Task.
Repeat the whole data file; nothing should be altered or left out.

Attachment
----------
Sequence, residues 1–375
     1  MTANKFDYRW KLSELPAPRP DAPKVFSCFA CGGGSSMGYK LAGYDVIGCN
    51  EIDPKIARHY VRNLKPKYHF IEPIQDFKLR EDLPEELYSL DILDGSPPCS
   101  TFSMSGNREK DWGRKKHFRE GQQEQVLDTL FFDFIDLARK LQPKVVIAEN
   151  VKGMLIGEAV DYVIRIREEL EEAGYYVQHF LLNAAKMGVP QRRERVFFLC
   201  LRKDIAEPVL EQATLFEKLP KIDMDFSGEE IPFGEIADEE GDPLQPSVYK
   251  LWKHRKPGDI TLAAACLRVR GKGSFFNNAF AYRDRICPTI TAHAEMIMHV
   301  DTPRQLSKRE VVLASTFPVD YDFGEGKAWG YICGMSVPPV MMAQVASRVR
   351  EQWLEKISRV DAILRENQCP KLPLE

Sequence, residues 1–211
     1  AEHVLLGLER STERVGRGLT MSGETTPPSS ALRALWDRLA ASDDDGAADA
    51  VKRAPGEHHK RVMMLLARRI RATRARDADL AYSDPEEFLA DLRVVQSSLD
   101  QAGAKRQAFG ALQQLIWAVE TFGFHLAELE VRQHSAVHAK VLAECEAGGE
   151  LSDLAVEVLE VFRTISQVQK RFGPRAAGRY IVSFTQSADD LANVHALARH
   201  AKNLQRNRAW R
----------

Sequence, residues 1–375
     1  MTANKFDYRW KLSELPAPRP DAPKVFSCFA CGGGSSMGYK LAGYDVIGCN
    51  EIDPKIARHY VRNLKPKYHF IEPIQDFKLR EDLPEELYSL DILDGSPPCS
   101  TFSMSGNREK DWGRKKHFRE GQQEQVLDTL FFDFIDLARK LQPKVVIAEN
   151  VKGMLIGEAV DYVIRIREEL EEAGYYVQHF LLNAAKMGVP QRRERVFFLC
   201  LRKDIAEPVL EQATLFEKLP KIDMDFSGEE IPFGEIADEE GDPLQPSVYK
   251  LWKHRKPGDI TLAAACLRVR GKGSFFNNAF AYRDRICPTI TAHAEMIMHV
   301  DTPRQLSKRE VVLASTFPVD YDFGEGKAWG YICGMSVPPV MMAQVASRVR
   351  EQWLEKISRV DAILRENQCP KLPLE

Sequence, residues 1–211
     1  AEHVLLGLER STERVGRGLT MSGETTPPSS ALRALWDRLA ASDDDGAADA
    51  VKRAPGEHHK RVMMLLARRI RATRARDADL AYSDPEEFLA DLRVVQSSLD
   101  QAGAKRQAFG ALQQLIWAVE TFGFHLAELE VRQHSAVHAK VLAECEAGGE
   151  LSDLAVEVLE VFRTISQVQK RFGPRAAGRY IVSFTQSADD LANVHALARH
   201  AKNLQRNRAW R